Social functioning, treatment dropout, and recidivism of probationers mandated to a modified therapeutic community

Matthew L. Hiller, Kevin Knight, Christine A. Saum, D. Dwayne Simpson

Research output: Contribution to journalReview articlepeer-review

25 Scopus citations

Abstract

Few studies have examined the impact of corrections-based drug abuse treatment programs on changes in social functioning. The current study, therefore, examines social functioning (i.e., hostility, risk taking, and social conformity) among 406 probationers in a modified therapeutic community. Data are collected prospectively and include intake, during treatment, and posttreatment information. Findings show that social functioning changes modestly during the first 90 days of treatment. Specifically, risk taking decreases with time, social conformity increases, and unexpectedly, hostility increases across time in treatment. Hostility is the only social functioning factor that predicts treatment dropout. Findings show there are no associations between social functioning indicators and recidivism both 1 and 2 years after treatment. However, recidivism within 1 year of treatment release is associated with criminal history, and recidivism within 2 years is associated with age.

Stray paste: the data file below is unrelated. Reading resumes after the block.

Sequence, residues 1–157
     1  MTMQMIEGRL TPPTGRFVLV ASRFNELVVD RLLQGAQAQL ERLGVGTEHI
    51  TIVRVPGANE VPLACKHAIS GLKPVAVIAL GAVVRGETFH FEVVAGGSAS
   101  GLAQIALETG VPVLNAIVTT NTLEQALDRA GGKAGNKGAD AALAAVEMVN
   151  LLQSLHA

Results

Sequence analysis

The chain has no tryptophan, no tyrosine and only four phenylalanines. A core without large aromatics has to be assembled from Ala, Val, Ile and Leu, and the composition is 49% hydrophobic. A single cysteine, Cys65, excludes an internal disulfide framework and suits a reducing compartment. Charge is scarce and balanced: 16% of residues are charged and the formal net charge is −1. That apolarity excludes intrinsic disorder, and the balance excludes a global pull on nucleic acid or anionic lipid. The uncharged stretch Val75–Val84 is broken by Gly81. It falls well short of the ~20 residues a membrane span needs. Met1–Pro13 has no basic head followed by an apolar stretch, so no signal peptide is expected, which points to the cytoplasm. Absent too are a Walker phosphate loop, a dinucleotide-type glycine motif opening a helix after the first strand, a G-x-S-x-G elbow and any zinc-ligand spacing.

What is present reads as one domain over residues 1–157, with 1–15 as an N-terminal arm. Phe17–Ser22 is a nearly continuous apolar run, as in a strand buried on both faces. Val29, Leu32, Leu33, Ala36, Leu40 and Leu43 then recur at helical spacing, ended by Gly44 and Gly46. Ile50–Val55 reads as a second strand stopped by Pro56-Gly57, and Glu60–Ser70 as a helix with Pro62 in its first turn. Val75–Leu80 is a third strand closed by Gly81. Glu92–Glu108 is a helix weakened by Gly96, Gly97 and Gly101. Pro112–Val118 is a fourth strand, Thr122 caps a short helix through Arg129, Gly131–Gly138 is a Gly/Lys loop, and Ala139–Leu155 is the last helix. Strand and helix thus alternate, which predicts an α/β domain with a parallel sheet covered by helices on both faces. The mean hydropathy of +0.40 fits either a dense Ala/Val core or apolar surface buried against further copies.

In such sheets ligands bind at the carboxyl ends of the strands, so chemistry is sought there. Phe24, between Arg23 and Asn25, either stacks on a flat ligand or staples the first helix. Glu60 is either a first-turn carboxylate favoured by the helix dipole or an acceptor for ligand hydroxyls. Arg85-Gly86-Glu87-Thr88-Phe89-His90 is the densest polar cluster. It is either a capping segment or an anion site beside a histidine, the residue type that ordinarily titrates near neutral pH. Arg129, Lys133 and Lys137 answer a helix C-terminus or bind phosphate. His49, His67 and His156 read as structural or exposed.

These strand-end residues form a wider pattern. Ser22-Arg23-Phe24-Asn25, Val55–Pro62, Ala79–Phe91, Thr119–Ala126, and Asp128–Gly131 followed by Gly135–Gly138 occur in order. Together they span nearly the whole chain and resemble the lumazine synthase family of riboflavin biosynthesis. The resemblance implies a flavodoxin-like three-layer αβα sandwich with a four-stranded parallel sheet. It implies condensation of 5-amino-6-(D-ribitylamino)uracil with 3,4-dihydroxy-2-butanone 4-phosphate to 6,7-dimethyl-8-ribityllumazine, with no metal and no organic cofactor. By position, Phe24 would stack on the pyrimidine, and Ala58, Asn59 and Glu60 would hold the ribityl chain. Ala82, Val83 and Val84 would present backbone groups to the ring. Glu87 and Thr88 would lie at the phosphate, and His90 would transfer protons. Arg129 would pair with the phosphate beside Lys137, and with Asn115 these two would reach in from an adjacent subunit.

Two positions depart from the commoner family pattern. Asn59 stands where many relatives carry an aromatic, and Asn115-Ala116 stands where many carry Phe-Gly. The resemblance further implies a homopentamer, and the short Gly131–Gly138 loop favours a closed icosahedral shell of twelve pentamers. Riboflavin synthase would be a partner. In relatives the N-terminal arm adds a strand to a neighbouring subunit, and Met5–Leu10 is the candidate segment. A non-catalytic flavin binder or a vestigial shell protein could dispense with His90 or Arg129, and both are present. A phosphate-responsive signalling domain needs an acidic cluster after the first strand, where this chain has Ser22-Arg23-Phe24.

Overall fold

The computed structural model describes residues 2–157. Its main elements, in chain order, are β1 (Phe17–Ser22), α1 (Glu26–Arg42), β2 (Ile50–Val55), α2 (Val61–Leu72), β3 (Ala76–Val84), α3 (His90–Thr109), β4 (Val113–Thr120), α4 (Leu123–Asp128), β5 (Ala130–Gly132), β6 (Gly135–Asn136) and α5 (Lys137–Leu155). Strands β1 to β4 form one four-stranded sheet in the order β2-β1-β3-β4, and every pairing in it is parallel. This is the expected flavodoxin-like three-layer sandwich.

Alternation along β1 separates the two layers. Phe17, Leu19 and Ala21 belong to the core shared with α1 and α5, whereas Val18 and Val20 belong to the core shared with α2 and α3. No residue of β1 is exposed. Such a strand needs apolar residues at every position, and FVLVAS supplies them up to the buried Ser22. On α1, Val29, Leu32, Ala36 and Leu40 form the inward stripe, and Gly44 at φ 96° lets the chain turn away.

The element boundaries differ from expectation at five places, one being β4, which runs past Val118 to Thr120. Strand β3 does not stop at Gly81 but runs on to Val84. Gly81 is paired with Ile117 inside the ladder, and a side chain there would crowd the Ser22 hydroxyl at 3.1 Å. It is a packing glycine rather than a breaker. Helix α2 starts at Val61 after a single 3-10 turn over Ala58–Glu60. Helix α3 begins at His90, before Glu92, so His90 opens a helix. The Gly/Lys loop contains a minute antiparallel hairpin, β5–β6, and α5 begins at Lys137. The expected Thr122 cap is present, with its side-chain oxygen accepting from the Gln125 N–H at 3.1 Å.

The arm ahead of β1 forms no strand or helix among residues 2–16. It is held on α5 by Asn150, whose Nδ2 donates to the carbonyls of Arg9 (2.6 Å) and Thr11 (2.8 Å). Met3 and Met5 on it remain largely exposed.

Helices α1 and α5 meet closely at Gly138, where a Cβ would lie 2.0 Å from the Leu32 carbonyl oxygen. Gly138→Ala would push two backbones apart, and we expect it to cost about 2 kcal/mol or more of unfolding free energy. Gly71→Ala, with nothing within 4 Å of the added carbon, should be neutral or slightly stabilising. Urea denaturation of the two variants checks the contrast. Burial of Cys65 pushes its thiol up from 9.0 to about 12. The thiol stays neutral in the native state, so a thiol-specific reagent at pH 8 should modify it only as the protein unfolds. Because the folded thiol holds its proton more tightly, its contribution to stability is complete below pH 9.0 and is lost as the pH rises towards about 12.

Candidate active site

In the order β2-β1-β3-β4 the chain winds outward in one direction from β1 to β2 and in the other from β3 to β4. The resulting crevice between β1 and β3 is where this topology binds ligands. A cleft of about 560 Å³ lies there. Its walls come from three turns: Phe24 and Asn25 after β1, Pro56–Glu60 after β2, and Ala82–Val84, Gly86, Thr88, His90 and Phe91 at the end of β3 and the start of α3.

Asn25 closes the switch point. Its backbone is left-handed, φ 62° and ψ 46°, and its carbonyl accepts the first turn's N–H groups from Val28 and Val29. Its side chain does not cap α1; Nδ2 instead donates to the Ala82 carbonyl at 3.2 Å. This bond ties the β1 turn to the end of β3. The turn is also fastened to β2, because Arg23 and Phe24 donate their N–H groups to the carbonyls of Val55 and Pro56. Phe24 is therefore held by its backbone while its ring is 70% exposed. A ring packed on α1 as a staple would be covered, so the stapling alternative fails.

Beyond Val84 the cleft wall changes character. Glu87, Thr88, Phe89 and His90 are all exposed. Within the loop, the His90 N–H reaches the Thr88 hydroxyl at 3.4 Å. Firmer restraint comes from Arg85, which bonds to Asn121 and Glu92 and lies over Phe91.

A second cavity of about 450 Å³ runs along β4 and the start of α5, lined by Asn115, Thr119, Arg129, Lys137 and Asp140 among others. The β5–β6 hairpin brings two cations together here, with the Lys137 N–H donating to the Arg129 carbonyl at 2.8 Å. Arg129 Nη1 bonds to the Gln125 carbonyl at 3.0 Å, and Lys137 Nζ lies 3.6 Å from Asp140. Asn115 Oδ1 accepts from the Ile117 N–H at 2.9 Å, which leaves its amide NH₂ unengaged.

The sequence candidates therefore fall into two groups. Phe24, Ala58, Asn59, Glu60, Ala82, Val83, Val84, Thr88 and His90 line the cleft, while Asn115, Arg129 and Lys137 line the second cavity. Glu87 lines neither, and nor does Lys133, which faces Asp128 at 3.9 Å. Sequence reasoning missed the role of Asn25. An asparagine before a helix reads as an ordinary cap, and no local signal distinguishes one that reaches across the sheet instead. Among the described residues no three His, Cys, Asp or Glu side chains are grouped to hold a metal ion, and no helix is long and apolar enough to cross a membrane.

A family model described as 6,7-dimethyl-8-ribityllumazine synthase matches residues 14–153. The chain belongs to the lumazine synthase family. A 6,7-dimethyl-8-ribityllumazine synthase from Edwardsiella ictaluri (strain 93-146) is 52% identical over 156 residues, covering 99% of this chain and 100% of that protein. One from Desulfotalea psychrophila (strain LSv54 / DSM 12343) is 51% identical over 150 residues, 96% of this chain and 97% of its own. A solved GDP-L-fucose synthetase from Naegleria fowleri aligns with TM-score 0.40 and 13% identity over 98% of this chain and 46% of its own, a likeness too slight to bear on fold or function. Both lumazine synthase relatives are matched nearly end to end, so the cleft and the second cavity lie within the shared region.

Original languageEnglish (US)
Pages (from-to)738-759
Number of pages22
JournalCriminal Justice and Behavior
Volume33
Issue number6
DOIs
StatePublished - Dec 2006
Externally publishedYes

All Science Journal Classification (ASJC) codes

  • Pathology and Forensic Medicine
  • General Psychology
  • Law

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